If you are an antique rug enthusiast you should know about the BIGGEST misattribution in weaving: Many of the so-called Shahsavan mafrashes are ARMENIAN.
A mafrash is a bedding bag, a “box”, from Caucasus, Persia, and Eastern Turkey, most often woven in soumak or kilim technique.
The fact that mafrashes were used for the nomads’ frequent movements led observers to conclude that they were woven and used only by nomads.
This ignored the following: (i) Frequent movements were typical not only of nomadic tribes but also of the settled Armenians, as Armenians engaged not only in agriculture but in cattle breeding as well. This necessitated moving the cattle from winter to summer pastures just as the nomadic tribes did.
In the book, “Flat-woven Rugs and Textiles from the Caucasus” by Robert H. Nooter—he went into the villages of the Caucasus and discovered who REALLY wove these mafrashes. The Armenians.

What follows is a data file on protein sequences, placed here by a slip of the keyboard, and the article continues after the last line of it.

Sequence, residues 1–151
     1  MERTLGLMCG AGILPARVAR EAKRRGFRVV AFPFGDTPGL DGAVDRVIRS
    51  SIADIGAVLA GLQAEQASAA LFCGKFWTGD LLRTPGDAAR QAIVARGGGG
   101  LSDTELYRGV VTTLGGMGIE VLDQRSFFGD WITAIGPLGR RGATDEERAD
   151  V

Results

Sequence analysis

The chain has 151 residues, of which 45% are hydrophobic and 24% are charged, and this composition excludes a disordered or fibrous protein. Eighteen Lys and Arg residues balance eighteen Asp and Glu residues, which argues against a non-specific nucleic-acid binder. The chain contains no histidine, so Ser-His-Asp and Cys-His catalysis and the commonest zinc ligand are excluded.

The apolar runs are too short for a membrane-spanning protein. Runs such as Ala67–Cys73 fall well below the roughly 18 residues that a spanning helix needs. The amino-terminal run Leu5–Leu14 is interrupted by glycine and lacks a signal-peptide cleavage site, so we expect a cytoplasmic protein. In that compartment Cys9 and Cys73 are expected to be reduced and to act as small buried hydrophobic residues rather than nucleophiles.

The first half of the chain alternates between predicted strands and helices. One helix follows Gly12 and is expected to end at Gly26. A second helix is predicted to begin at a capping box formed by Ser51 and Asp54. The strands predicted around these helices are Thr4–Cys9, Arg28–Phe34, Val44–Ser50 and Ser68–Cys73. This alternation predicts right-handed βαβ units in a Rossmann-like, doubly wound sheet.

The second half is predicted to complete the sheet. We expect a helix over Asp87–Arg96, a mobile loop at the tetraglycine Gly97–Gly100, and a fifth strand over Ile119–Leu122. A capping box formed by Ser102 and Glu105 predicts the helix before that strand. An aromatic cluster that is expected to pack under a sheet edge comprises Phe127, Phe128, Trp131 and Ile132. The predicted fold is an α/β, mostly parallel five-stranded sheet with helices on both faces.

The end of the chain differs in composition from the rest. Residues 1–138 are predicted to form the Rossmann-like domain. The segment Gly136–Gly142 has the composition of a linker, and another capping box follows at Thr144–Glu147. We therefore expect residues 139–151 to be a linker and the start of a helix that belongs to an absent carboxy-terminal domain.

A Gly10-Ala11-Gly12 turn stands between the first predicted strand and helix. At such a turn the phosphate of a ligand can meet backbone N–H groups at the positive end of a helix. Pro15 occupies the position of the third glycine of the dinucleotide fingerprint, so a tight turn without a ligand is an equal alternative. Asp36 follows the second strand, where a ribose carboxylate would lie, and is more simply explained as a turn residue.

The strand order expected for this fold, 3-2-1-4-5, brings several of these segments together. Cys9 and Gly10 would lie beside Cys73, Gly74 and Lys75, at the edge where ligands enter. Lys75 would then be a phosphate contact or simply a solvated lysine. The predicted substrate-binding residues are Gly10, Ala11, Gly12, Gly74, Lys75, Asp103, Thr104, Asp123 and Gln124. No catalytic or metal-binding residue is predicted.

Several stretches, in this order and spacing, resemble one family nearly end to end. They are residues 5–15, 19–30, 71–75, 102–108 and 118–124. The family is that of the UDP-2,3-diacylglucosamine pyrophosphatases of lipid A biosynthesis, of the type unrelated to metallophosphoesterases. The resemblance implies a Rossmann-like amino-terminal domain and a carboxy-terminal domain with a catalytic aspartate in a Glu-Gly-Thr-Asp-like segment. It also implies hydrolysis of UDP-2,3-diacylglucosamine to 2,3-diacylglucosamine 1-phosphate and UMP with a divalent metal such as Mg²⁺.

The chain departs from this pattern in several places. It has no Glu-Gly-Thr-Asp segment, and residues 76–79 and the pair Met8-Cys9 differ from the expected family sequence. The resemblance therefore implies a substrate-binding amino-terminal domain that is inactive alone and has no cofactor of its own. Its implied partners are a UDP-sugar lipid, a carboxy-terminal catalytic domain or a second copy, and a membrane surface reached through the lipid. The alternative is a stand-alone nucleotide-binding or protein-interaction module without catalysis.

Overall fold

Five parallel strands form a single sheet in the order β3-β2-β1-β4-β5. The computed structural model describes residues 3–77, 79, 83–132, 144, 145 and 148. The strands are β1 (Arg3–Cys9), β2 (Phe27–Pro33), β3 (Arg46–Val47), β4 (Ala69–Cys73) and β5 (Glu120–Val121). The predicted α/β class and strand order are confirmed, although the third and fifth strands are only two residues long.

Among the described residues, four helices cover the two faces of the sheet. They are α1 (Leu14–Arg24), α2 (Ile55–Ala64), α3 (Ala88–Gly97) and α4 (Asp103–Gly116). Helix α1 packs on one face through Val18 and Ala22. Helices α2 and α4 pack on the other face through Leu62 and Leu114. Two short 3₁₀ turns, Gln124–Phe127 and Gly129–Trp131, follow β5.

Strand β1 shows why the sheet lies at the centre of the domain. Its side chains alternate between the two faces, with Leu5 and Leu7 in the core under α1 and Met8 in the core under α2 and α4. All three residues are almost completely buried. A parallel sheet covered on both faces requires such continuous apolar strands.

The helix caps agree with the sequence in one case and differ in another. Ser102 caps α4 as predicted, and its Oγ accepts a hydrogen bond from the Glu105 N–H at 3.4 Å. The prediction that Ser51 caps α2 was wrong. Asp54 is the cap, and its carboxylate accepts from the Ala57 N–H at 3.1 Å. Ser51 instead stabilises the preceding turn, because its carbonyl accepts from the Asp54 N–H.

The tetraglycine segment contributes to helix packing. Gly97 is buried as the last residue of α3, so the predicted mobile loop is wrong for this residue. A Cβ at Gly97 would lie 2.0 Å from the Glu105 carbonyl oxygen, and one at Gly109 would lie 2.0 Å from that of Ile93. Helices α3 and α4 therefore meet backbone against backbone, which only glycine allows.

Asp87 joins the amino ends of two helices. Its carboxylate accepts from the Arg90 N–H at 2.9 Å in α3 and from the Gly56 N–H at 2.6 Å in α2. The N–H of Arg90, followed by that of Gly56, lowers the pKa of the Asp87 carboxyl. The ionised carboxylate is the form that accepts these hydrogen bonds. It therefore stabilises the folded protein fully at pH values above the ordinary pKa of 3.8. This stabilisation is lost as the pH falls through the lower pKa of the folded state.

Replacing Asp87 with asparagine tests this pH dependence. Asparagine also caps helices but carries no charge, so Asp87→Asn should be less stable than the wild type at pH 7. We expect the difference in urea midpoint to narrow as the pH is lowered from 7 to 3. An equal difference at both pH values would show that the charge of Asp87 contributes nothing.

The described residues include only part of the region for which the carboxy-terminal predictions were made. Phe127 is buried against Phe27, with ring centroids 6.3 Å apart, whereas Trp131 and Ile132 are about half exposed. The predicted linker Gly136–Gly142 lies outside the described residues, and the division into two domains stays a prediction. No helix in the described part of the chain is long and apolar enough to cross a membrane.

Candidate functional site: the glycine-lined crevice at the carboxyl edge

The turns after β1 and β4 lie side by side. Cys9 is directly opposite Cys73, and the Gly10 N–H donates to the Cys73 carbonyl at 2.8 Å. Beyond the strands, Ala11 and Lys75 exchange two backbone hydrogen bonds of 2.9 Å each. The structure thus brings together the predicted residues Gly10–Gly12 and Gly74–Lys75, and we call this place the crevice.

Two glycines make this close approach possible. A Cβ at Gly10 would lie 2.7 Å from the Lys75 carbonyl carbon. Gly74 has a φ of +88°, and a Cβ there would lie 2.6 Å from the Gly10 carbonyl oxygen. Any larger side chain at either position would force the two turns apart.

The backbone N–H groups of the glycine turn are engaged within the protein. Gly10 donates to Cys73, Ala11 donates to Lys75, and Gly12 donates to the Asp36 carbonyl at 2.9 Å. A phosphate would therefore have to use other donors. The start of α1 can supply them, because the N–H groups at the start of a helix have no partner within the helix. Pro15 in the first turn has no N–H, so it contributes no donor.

They also served as “ojitnots” (from the word ojit, meaning “dowry”) to hold the things that were assembled before marriage.
Parents would use the mafrashes to put the things that were necessary for their daughters to live in a new house. This included woven objects such as clothing, sheets, dresses, stockings and saddlebags, jewelry, and household objects.
And finally, if mafrashes were brought to Anatolia by Turkish-speaking tribes, why is it in Central Asia, the homeland of many nomadic, mafrashes were almost never woven?